German Armed Forces will be adapted to new Missions and new ChallengesExclusive Interview with the Chief of Joint Staff of the German Forces General Wolfgang Schneiderhan
|General Wolfgang Schneiderhan is Chief of Joint Staff German Bundeswehr: "We are ready for new missions!"|
Sir, what is the mission of the German Armed Forces at the beginning of the 21st century?
General Wolfgang Schneiderhan: The drastic changes in our security environment in the wake of September 11, 2001, together with the reorientation of NATO and the European Union as well as the considerable increase in the number of missions have unavoidably had effects on the mission of the Bundeswehr at the beginning of the 21st century. However, our mission has not changed completely; only the priorities in the task spectrum have been adapted to the most likely future mission. Today we have to redefine the meaning of the term "defence". In today's world, risks and threats have neither boundaries nor borders, and they can affect us over long distances. Therefore, our aim must be to keep the risks and threats at bay and to contain them wherever they may develop. The most important tasks for the armed forces in the future are conflict prevention and crisis management and providing support for our allies and partners without geographic limitations. This includes the fight against international terrorism. The protection of our German territory and citizens will also have a high priority, as will the ability to conduct rescue and evacuation operations under national command whenever this may be necessary.
Sir, what are the most important capabilities that are necessary to accomplish this mission?
General Wolfgang Schneiderhan: Our forces will have to adapt their capabilities and concepts to the conditions and challenges that are due to the new forms of conflict – including the fight against international terrorism – and the new actors in these conflicts, like warlords, clan chiefs, and terrorists. Moreover, we have to cope with the steadily increasing speed of technological innovation. All this results in new requirements that our armed forces will have to meet. Our highest priority will therefore be to improve our command, control, communication and information systems and to procure strategic transport and global surveillance and reconnaissance capabilities. And instead of the heavily armoured weapons that we needed during the Cold War era we will need materiel and weapon systems that can meet the requirements for flexibility, mobility, multinationality, and interoperability. Last but not least, our training and equipment must cope with the challenges of network-based operations. This compound system of command, control, reconnaissance and effect will allow a rapid co-ordination of operations. Thus we can achieve more speed, effectiveness and efficiency in our military actions across the entire task spectrum. This is especially important for our future Response Forces, which will have to conduct network-based operations of the highest intensity in co-ordination with our allies and partners.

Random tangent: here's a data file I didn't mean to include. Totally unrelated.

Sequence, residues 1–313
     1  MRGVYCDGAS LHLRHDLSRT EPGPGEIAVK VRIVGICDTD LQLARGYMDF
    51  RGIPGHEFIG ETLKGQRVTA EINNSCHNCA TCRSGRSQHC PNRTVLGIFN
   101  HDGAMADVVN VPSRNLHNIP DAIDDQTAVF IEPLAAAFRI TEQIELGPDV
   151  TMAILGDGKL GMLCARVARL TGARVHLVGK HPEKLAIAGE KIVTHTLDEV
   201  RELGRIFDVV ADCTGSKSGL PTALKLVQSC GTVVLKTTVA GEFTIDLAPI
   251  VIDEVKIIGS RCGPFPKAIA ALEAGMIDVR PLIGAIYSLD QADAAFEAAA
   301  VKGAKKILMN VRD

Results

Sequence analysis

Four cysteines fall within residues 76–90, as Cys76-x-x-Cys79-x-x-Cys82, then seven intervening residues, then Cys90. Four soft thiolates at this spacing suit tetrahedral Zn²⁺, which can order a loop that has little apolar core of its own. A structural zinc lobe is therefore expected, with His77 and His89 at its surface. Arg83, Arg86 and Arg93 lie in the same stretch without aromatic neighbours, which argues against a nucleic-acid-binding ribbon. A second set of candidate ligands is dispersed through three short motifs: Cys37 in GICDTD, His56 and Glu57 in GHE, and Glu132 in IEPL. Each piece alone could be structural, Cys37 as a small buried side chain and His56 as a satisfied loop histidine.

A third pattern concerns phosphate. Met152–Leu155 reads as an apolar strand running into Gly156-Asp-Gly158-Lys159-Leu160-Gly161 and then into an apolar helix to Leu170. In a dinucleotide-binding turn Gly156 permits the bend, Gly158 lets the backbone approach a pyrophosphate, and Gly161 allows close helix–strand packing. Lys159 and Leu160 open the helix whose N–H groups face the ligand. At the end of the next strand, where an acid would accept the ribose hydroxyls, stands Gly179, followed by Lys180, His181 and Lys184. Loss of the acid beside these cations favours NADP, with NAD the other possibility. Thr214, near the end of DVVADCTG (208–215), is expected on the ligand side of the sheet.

|German Infantry 2004 - ready to go!|
General Wolfgang Schneiderhan: The new Bundeswehr concept will implement three different categories of forces to meet the challenges of the future. We will have about 35,000 Response Forces that will provide a war-fighting capability and be able to conduct high-intensity, joint and network-based operations. There will be a total of 70,000 Stabilisation Forces; they will be able to fulfil a broad spectrum of tasks like peace-keeping and stabilisation operations and prepare the ground for solving conflicts as well as for nation-building activities, as necessary. We will also have about 147,500 Support Forces to ensure a timely and comprehensive support for all ongoing operations and to provide the basic support services.
Although we will retain the traditional organisation of the armed forces into service branches, the forces will be deployed for operations on a joint and combined basis only, and they will reach their full effectiveness only through the joint use of their capabilities.
Moreover, our capabilities for Joint and Combined Operations will be greatly enhanced with the implementation of the ability to conduct network-based Operations.
Sir, where are German soldiers currently deployed for peace support operations, and how many German soldiers are deployed?